A Guide to the Supreme Court’s Review of the Contraceptive Coverage Requirement

Since the Affordable Care Act (ACA) passed in early 2010, there have been a lot of legal challenges that have come to the forefront of the healthcare reform debate, including the individual mandate, Medicaid expansion, and federal regulation of state commerce to name just a few. In an issue brief released by the Kaiser Family Foundation on December 9, 2013, the authors reviewed the most recent challenge taken up by the U.S. Supreme Court. In late November 2013, the Court accepted two separate cases to decide on the constitutionality of whether the contraceptive mandate, a requirement of the ACA, infringes on protections of religious freedom under the First Amendment and the Religious Freedom Restoration Act of 1993 (RFRA).

The brief outlines the two cases, Sebelius v. Hobby Lobby Stores and Conestoga Wood Specialties v. Sebelius, and discusses the potential ramifications if the Court does not uphold the mandate.  Currently, nonprofit, religiously affiliated organizations (i.e., houses of worship) are exempted from the mandate that requires all new private insurance plans to provide access to all FDA approved contraceptive methods. However, “insurance companies are required to cover the cost of contraceptives for employees of religiously affiliated organizations that have requested… [a religious]… accommodation at no cost to the employees or the employers.” To qualify for the accommodation the organization must have religious objections to providing some or all contraceptive coverage, file as a nonprofit, advertise as a religious organization in the public domain, and self-certify that they meet the first three criteria.

The Court’s decision, expected by June 2014, will try to lay to rest whether for-profit, private businesses should be afforded the same protection of rights as individuals and religious organizations under the First Amendment and the RFRA, which could have broad reaching policy implications for both equality for women in the workplace and religious freedom.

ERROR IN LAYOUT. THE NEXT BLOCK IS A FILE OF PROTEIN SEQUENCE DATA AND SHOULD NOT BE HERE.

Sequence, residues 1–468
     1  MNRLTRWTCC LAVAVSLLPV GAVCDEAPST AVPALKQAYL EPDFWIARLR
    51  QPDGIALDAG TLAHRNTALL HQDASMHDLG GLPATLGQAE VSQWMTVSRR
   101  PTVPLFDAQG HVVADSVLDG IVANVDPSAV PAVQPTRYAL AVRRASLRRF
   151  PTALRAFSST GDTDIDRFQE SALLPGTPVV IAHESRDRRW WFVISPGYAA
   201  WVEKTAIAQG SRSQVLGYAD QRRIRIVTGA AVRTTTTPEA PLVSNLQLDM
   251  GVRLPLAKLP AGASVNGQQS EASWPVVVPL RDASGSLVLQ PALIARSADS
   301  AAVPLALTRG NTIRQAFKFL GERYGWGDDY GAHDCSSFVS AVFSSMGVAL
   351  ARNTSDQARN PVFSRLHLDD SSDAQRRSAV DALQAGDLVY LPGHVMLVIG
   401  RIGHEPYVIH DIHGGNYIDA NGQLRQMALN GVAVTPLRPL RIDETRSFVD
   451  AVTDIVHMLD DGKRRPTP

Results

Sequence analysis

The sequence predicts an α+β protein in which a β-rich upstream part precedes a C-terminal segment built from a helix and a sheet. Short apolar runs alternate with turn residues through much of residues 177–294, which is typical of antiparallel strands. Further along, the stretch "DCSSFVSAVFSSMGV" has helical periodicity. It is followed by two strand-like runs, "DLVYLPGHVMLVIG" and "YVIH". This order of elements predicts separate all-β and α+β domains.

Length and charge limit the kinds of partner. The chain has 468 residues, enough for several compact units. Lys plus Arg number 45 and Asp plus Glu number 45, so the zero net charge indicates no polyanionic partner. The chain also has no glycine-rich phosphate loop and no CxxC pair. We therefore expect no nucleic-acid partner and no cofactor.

To read the entire issue brief, click HERE

 

Preventive Services and the ACA

Did you know that under section 1001 of the Affordable Care Act, many insurers will be required to provide many types of preventive services without cost sharing? Any preventive service rated as A or B by the US Preventive Services Task Force will be provided without cost-sharing (e.g. out of pocket payment). This requirement is now in effect and applies to Medicare, new private insurance plans, and existing plans that have not been “grandfathered.” Persons covered under Medicaid expansion will also be covered under this requirement. However, persons under the existing Medicaid program may not and need to check with their state Medicaid office.

You can see a complete list of all preventive services covered without cost sharing here (list includes 51 services as of this writing).

Fewer Minorities Get Screened for Colorectal Cancer

A new study conducted in the Center for Health Policy at the University of Nebraska Medical Center College of Public Health has determined that racial and ethnic minorities are less likely to be screened for colorectal cancer in the United States. The study, which analyzed data from across the country between 2000 and 2005, was conducted by Jim Stimpson, Ph.D., director of the Center for Health Policy at UNMC. Results were published in the December issue of the public health journal, Health Affairs.

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